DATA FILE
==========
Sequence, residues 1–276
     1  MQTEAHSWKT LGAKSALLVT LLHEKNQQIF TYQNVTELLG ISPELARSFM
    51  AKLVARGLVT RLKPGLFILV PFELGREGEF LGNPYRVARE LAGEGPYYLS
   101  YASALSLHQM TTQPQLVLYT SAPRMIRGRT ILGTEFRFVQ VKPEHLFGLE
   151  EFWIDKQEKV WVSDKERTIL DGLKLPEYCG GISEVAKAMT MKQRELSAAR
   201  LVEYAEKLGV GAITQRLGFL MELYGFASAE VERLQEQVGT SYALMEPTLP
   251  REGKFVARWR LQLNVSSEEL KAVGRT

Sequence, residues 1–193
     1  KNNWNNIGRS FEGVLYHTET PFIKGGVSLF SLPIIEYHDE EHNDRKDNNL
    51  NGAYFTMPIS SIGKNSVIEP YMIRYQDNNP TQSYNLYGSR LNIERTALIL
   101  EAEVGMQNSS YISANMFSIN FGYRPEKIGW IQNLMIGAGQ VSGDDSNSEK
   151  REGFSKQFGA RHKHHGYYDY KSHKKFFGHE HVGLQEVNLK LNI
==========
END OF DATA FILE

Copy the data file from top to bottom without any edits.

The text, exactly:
Sequence, residues 1–276
     1  MQTEAHSWKT LGAKSALLVT LLHEKNQQIF TYQNVTELLG ISPELARSFM
    51  AKLVARGLVT RLKPGLFILV PFELGREGEF LGNPYRVARE LAGEGPYYLS
   101  YASALSLHQM TTQPQLVLYT SAPRMIRGRT ILGTEFRFVQ VKPEHLFGLE
   151  EFWIDKQEKV WVSDKERTIL DGLKLPEYCG GISEVAKAMT MKQRELSAAR
   201  LVEYAEKLGV GAITQRLGFL MELYGFASAE VERLQEQVGT SYALMEPTLP
   251  REGKFVARWR LQLNVSSEEL KAVGRT

Sequence, residues 1–193
     1  KNNWNNIGRS FEGVLYHTET PFIKGGVSLF SLPIIEYHDE EHNDRKDNNL
    51  NGAYFTMPIS SIGKNSVIEP YMIRYQDNNP TQSYNLYGSR LNIERTALIL
   101  EAEVGMQNSS YISANMFSIN FGYRPEKIGW IQNLMIGAGQ VSGDDSNSEK
   151  REGFSKQFGA RHKHHGYYDY KSHKKFFGHE HVGLQEVNLK LNI